This article is available to subscribers. Subscribe now. Already have an account? Sign in

Original ArticleFree PreviewArchive

Predictors of the Acquired Immunodeficiency Syndrome Developing in a Cohort of Seropositive Homosexual Men

List of authors.
  • B. Frank Polk, M.D.,
  • Robin Fox, M.S.,
  • Ron Brookmeyer, Ph.D.,
  • Sukon Kanchanaraksa, Ph.D.,
  • Richard Kaslow, M.D.,
  • Barbara Visscher, M.D., DR.P.H.,
  • Charles Rinaldo, Ph.D.,
  • and John Phair, M.D.*


In a cohort of 1835 homosexual men who were seropositive for human immunodeficiency virus (HIV) on entry into a prospective study, the acquired immunodeficiency syndrome (AIDS) developed in 59 during a median follow-up of 15 months. We matched 5 seropositive controls to each case according to study center and date of enrollment and performed a case-control analysis to determine factors predictive of AIDS.

In a multivariate analysis, a decreased number of T helper lymphocytes, an increased number of T suppressor lymphocytes, a low level of antibody to HIV, a high titer of cytomegalovirus antibody, and a history of sex with someone in whom AIDS developed were independently associated with subsequent AIDS. Separate analyses of risk factors for Kaposi's sarcoma and opportunistic infections failed to support previously reported associations between the use of nitrites or an elevated cytomegalovirus-antibody titer and Kaposi's sarcoma.

These variables may be markers rather than determinants of disease progression. A vigorous antibody response to HIV infection may confer at least temporary protection against the progression of immunodeficiency to AIDS, or a low level of antibody to HIV may reflect a later stage of infection. The increased risk associated with a history of sex with someone in whom AIDS developed may indicate earlier infection in cases or infection with a more virulent strain of HIV. These results may be useful in counseling HIV-seropositive persons and in designing studies of clinical interventions. (N Engl J Med 1987; 316:61–6.)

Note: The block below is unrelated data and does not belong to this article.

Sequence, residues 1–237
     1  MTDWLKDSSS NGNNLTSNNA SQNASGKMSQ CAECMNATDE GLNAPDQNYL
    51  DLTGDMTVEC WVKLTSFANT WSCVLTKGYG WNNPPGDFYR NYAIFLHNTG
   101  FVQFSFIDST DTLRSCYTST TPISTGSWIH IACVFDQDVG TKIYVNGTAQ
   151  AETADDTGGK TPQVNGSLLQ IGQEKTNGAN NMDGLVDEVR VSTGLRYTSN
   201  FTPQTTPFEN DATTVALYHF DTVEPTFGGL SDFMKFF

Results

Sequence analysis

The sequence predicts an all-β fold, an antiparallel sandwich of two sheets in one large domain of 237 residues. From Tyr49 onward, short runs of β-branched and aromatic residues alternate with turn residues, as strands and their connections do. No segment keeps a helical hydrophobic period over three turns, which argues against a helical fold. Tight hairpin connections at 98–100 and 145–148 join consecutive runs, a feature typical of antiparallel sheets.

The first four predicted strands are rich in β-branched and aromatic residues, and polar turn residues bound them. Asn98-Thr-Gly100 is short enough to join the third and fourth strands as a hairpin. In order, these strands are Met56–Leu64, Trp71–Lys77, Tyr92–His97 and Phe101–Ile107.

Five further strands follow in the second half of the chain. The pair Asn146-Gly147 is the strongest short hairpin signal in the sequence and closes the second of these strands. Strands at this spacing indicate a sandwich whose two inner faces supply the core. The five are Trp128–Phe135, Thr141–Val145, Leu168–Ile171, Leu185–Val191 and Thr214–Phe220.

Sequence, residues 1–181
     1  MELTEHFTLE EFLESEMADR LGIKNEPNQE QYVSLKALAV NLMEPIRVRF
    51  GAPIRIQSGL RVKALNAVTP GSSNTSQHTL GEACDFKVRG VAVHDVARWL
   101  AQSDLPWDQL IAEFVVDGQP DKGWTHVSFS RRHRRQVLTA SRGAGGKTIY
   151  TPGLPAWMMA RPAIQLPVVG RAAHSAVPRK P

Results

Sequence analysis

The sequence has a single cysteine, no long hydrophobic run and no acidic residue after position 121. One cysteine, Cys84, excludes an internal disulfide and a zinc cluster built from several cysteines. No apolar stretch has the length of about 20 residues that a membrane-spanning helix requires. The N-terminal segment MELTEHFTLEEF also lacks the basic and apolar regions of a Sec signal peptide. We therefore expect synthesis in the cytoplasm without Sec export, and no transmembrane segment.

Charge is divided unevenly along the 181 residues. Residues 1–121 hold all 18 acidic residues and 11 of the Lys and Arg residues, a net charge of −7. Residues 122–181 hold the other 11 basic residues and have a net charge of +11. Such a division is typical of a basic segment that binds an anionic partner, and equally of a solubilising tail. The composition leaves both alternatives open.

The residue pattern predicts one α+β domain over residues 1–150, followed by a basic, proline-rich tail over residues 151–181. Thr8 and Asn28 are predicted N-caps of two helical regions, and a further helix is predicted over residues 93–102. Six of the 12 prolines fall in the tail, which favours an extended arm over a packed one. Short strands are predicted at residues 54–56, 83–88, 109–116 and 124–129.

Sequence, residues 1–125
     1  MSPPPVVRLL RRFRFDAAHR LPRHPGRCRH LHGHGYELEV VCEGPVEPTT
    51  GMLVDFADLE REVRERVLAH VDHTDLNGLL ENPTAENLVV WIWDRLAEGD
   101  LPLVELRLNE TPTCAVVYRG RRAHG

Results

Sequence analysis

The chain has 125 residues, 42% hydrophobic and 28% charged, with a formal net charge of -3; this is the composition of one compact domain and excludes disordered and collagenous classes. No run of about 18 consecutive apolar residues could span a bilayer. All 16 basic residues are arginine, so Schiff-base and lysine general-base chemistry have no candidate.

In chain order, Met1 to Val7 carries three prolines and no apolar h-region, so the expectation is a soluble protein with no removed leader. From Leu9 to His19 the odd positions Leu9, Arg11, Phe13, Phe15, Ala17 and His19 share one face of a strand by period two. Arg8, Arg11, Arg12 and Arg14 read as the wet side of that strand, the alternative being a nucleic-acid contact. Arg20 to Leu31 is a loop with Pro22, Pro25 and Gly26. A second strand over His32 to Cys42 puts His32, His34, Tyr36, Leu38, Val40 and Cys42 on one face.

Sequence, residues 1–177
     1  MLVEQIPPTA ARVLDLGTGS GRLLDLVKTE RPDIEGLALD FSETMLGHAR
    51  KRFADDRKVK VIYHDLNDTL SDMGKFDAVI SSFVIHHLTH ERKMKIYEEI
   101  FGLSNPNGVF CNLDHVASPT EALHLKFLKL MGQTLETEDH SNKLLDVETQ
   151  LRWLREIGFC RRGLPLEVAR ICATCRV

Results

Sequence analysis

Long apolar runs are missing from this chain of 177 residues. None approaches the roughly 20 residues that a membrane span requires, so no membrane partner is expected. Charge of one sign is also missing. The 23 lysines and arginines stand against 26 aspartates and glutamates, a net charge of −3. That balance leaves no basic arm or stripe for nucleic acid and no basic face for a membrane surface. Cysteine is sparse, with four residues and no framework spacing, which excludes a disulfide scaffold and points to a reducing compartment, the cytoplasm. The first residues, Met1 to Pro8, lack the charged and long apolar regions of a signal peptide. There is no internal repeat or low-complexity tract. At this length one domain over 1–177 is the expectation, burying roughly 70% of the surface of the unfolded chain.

Funding and Disclosures

Supported by research contracts AI-32511, AI-32513, AI-32520, and AI32535.

Author Affiliations

* The following investigators participated in the study: Baltimore — The Johns Hopkins University School of Hygiene and Public Health: B. Frank Polk, M.D., M.Sc (principal investigator); Robin Fox, M.S.; and Ron Brookmeyer, Ph.D.; University of Maryland Cancer Center: Richard Leavitt, M.D.; Chicago—Howard Brown Memorial Clinic–Northwestern University Medical School: John P. Phair, M.D. (principal investigator); Joan S. Chmiel, Ph.D.; and David G. Ostrow, M.D., Ph.D.; Los Angeles — University of California, Los Angeles, Schools of Public Health and Medicine: Roger Detels, M.D., M.S. (principal investigator); Barbara R. Visscher, M.D., Dr.P.H.; John L. Fahey, M.D., M.S.; Janis V. Giorgi, Ph.D.; and Jan Dudley. M.P.H.; Pittsburgh — University of Pittsburgh, Graduate School of Public Health and School of Medicine: Charles R. Rinaldo, Jr., Ph.D. (principal investigator); Monto Ho, M.D.; Lawrence A. Kingsley, Dr.P.H.; Ronald O. Valdiserri, M.D.; David W. Lyter, M.D.; and Alan Winkelstein, M.D.; Bethesda — National Institutes of Allergy and Infectious Diseases: Richard A. Kaslow, M.D., M.P.H.; Alfred J. Saah, M.D., M.P.H.; Mark J. Van Raden, M.A.; and Rachel E. Solomon, M.H.S.; National Cancer Institute: Andrew A. Monjan, Ph.D., M.P.H.; and A.R. Patel, Ph.D. Address reprint requests to the AIDS Program Office, NIAID, 5333 Westbard Ave., Bethesda, MD 20892.

Print Subscriber? Activate your online access.